hey guys - it’s interesting to hear all the hacking on red- i’m mainly an audio guy ,but isn’t it obvious that new ideas can go a long way? i am blown away by graeme’s progress with red data. do you remember what the first cd’s in the 80’s sounded like? the sophisticated downsampling techniques developed over the last 10 years have rendered the dvd audio and sacd formats almost obsolete. i have an $80,000 mastering system that has a hard time showing a difference between the cd versus hi def audio version of the same recording! they were not even close 10 to 15 years ago. for that matter, look what sony has done with mpeg 2 gop algorithms. is the 20 plus year old bandwidth of cd technology able to produce true audiophile sound today? yes. will graeme be able to drastically improve red’s apparent video fidelity as he furthur develops more advanced wavelet algorithms? of course! mpeg is fairly basic compression compared with some of the new school math. it’s actually amazing that 3 chip technology got as far as it did. let’s see what a 3d red feature look like on a 50 foot screen in 2 or 3 years.  “great spirits will always suffer violent opposition” - albert einstein.

Charles Taylor: | March, 22, 2008

I love the comment that you can’t have a film whose softness changes every time you change aperture.

Has this person ever used a lens? Or shot a movie?

Hilarious.

tai krige sasc: | March, 22, 2008

Someone mentioned using the EX1 and ‘slapping-on’ a lens adaptor to use suplimentary lenses….How does that work? Can one use Pl mounted lenses over the existing lens??? Sounds a bit dodgy to say the least…Please enlighten me someone…. Who makes these adaptors? Price?

tai krige sasc: | March, 22, 2008

Happy Easter to all by the way. Must say, i’ve enjoyed listening to all of you alot…Thanks for taking the time to post….gr8 site….
By the way, if any of u would like to see ‘nice’ footage of a music video I shot with two Ford GT40’s racing down winding sea-road, shot from a 2-stage jet minature, remote controlled helicopter,( put the camera where no other camera has ever gone….) go to:-

www.wheelnuts.co.za

Pics of the shoot on the site under FREE WALLPAPERS…..

Joe D'Arcy: | March, 23, 2008

And although the angry and disillusioned experts attempted to crucify Red, he said, ‘Forgive them. They know not what they do.’ And then on Easter Sunday, he rose again, to be worshipped for thousands of years to come.

Scott Gentry: | March, 23, 2008

Might I suggest we take this discussion to the forums?

Boom Boom: | March, 27, 2008

So, the EX1 wins then?  Haha, just kidding.  Truth is, we all win.  Competition and the constant increase in rate of technology advancement means that those who pay attention to state of the art can reap its rewards.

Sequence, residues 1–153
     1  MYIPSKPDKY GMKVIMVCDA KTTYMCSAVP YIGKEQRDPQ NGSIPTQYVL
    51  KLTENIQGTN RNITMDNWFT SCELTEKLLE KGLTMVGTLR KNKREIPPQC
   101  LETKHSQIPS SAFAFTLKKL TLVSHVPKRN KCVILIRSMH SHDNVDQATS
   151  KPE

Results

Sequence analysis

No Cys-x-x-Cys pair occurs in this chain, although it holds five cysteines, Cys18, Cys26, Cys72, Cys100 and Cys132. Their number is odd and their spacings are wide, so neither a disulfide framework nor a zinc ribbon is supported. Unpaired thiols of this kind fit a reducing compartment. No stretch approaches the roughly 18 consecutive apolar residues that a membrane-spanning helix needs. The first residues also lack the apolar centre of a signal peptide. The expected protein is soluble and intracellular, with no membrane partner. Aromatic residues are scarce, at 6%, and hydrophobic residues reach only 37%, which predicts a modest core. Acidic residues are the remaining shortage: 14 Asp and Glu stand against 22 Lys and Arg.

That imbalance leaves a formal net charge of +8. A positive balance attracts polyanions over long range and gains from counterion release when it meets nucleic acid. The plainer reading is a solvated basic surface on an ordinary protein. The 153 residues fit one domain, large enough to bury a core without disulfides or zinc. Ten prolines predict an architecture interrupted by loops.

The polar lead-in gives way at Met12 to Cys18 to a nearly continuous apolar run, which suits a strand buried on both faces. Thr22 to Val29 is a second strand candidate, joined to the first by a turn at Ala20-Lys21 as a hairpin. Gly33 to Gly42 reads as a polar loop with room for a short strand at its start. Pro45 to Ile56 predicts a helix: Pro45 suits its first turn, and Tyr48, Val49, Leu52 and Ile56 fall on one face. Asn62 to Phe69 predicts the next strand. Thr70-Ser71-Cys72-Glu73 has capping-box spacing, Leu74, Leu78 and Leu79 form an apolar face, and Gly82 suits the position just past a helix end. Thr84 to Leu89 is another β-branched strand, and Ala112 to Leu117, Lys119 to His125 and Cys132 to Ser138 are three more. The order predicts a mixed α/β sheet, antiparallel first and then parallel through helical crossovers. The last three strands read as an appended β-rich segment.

Jason: | April, 01, 2008

Coming in mainly as a producer, Red comes across more as a film makers tool and the Sony as something that attempts to be all things. I would much rather have 4k of RAW image resolution to play with, with proper computers,  than have a semi ok image that is mainly achieved through inside camera engineering. It’s a no brainer really and some of the arguments presented here appear to be motivated by something other than glory of the end product of fellow film makers. Give me the data straight from the sensor and then let me decide what to do with that. From a marketing perspective RED comes across as marketing towards film makers and end results. Sony comes across as what you test in the showroom. Both are valid methods but I for one prefer REDs because i know at the end of the day, I can get that image looking exactly how I want and any one who has worked in RAW in digital photography knows exactly what i am talking about. I’d much rather have 8 cores and a dedicated software engine working on those files rather than some tiny camera board chip just so the initial image might appear sharper. But that’s me.
I’d also like the size of red and its adaptability. You can do such more with a versatile camera like that and versatility is important to me.
If I was interested in ENG work I might have to think more. But I’m interested in film style work and for me there is absolutely no comparison. You just have to look at the images. The RED wins hands down.
One has to agree with graeme. There seems to be other motivations coming along here and I guess with 4000+ cameras in sales @ 20k a camera plus spares there are going to be some unhappy sales people around. That means 4000 cameras people aren’t going to buy from someone else. I wouldn’t call it a conspiracy but rather, obvious reaction from someone who has just had the wind taken out of them.